An increasing buzz around hydrogen
With the Prime Minister Boris Johnson saying the government would “invest massively” in hydrogen, and businesses pledging they are ready to invest £3billion in UK hydrogen projects, has the time for hydrogen come? Rob Dale from the UK Hydrogen Strategy Now Campaign looks at recent developments
The huge momentum that has grown behind the UK’s hydrogen economy is continuing at pace. Businesses have made it clear there is £3 billion ready to be invested right now into ‘shovel-ready’ UK hydrogen projects. That’s a big step forward from earlier in the year, when the cross-industry Hydrogen Strategy Now campaign estimated that its members were ready to pump £1.5 billion into the UK hydrogen economy.
It almost feels as if new, exciting developments about the UK’s hydrogen economy are being announced every day. Wrightbus has deployed the world’s first hydrogen double-decker buses onto the streets of Aberdeen, with more set to be rolled out in Belfast, Birmingham, and London. Worcester Bosch is developing world-leading hydrogen-ready boilers. ITM Power’s funding round to build the world’s biggest hydrogen Gigafactory in Sheffield was massively oversubscribed, raising £165 million. Riversimple, a hydrogen passenger car manufacturer, has begun a £150 million funding round to build their first factory in Mid Wales.
There are fantastic UK-based projects relating to hydrogen for heating taking place right now. The HyDeploy project at Keele University is demonstrating we can blend up to 20 per cent Hydrogen into the gas network now, without affecting the way people heat their homes. Northern Gas Networks’s H21 project, that runs between Yorkshire and Teesside, is trialling 100 per cent hydrogen in an existing gas network – a world first. Cadent’s HyNet project, in the North West, is demonstrating blending hydrogen for homes and heavy industry to save over one million tonnes of carbon dioxide emissions every year – the equivalent of taking more than 600,000 cars off the road.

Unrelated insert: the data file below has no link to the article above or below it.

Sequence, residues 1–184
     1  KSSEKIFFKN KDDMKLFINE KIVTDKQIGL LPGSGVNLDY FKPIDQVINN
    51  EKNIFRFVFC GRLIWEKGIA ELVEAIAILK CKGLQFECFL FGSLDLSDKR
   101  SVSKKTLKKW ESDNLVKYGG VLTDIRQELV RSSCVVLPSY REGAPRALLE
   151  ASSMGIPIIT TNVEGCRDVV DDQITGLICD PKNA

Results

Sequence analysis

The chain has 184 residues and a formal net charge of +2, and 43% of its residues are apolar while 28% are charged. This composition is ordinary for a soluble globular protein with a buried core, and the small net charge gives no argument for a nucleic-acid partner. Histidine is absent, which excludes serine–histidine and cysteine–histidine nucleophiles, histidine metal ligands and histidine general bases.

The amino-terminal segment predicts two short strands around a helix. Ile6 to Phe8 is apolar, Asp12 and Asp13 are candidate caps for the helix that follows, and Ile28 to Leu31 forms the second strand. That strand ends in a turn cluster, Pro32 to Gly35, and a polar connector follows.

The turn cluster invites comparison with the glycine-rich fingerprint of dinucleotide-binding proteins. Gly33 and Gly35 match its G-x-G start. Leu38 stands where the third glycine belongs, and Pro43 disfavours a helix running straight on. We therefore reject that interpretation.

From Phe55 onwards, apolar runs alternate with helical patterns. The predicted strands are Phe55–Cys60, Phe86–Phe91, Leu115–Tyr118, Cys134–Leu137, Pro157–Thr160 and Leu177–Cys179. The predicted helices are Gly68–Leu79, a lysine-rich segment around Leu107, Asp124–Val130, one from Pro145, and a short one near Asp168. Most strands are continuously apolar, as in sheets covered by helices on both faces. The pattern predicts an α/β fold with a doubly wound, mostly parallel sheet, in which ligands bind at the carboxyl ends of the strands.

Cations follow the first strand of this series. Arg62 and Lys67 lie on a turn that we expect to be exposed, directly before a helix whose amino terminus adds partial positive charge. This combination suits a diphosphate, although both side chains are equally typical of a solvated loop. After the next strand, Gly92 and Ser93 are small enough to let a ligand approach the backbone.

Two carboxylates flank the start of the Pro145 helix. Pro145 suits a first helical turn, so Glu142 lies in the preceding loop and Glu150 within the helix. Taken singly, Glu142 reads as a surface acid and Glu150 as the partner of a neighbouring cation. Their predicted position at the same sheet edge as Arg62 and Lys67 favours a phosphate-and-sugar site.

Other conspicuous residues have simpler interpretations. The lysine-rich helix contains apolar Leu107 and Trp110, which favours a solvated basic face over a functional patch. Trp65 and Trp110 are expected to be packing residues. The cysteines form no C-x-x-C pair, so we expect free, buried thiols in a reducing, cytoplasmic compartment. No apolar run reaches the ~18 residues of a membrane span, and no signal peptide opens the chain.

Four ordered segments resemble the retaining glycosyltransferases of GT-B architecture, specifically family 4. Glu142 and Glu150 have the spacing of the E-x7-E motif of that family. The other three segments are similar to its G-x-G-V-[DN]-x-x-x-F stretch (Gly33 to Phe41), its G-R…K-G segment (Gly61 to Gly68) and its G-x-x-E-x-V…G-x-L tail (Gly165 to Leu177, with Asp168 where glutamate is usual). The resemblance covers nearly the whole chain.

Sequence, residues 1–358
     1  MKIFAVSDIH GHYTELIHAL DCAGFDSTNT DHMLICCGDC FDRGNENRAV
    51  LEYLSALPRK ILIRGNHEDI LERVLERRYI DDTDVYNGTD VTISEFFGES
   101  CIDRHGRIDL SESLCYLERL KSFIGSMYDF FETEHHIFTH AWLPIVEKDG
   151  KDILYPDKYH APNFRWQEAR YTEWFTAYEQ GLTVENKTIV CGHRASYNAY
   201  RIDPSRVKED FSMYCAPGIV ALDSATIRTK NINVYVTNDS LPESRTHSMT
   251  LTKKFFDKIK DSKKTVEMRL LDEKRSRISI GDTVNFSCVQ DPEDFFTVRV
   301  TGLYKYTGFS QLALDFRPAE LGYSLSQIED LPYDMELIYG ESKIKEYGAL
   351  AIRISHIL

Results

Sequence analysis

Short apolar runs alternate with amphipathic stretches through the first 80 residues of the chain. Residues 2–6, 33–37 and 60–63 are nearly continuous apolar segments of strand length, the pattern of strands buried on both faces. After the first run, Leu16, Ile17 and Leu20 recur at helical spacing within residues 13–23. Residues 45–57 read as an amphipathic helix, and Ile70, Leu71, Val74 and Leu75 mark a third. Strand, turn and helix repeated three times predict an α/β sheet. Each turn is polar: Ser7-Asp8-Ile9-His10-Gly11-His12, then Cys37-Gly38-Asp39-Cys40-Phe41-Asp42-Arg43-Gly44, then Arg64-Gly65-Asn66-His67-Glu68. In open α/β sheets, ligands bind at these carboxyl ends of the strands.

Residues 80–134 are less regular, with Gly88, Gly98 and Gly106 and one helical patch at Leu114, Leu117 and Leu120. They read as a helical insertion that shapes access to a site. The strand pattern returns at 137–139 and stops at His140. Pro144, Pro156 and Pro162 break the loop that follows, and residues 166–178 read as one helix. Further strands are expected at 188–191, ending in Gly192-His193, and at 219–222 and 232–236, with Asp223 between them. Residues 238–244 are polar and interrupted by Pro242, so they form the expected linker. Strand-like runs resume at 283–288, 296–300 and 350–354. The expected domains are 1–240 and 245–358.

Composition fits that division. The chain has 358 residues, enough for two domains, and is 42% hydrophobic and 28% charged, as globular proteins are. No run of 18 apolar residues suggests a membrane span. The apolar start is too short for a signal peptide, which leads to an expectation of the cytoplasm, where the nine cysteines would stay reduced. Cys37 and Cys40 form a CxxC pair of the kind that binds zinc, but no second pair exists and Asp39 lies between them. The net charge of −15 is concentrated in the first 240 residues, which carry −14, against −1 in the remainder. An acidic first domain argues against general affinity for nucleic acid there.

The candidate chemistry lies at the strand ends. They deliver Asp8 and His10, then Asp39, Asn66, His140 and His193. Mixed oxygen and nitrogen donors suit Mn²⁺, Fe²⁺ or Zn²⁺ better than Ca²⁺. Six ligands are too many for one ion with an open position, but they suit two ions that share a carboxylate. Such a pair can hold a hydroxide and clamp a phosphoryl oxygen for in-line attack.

A boost for the economy
Members of the Hydrogen Strategy Now campaign, which combined employs around 100,000 people and has a value of £100bn in the UK, say their shovel-ready projects would create thousands of jobs across the country, helping to kick start a post-Covid green recovery. Attracting cross-party support, the Hydrogen Strategy Now campaign wants to see a clear, strategic plan to help unlock significant private funding in hydrogen technologies and manufacturing across the country, driving growth and generating hundreds of thousands of green jobs. Meanwhile, the UK Hydrogen Task Force estimates that investing in hydrogen in the UK could unlock £18 billion in GVA by 2035 and support 75,000 additional jobs. This is a once-in-a-generation opportunity.
The Prime Minister clearly has a personal enthusiasm for the technology, stating in July that his government would “invest massively” in hydrogen. The government has formed a Hydrogen Advisory Council to formalise its engagement with industry on hydrogen. The publication of a UK hydrogen strategy has been confirmed for the first quarter of 2021. The Tees Valley has won designation as the UK’s first hydrogen transport hub. Just recently, the Prime Minister appointed Andrew Griffith, Conservative MP for Arundel and the South Downs and a Vice-Chair of the All-Party Parliamentary Group on Hydrogen, as the government’s net zero business tsar, another positive step in the right direction. And it’s not only the government that is talking enthusiastically about hydrogen - Labour recently published its Green Recovery policy document, which contained a whole section on the importance of unlocking the UK’s hydrogen economy.